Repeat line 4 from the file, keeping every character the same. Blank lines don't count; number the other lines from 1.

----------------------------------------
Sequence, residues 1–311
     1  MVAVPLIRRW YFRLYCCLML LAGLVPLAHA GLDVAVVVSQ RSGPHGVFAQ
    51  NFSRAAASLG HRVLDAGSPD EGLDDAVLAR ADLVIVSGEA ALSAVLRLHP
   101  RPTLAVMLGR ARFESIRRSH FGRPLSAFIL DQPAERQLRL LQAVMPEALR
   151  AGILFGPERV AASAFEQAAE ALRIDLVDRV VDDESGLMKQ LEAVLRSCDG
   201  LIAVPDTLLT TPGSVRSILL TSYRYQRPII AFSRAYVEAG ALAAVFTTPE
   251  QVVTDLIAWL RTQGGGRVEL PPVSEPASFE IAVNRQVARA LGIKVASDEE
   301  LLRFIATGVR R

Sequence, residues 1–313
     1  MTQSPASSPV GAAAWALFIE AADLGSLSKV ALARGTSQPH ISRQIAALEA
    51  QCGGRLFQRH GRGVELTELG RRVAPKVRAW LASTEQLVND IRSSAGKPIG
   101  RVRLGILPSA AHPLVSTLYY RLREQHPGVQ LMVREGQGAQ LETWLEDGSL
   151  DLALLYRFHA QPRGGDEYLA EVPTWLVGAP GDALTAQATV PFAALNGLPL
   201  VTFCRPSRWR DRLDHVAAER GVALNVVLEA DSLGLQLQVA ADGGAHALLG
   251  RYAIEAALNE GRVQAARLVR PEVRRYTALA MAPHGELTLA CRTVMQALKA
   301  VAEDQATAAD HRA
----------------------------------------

   101  RPTLAVMLGR ARFESIRRSH FGRPLSAFIL DQPAERQLRL LQAVMPEALR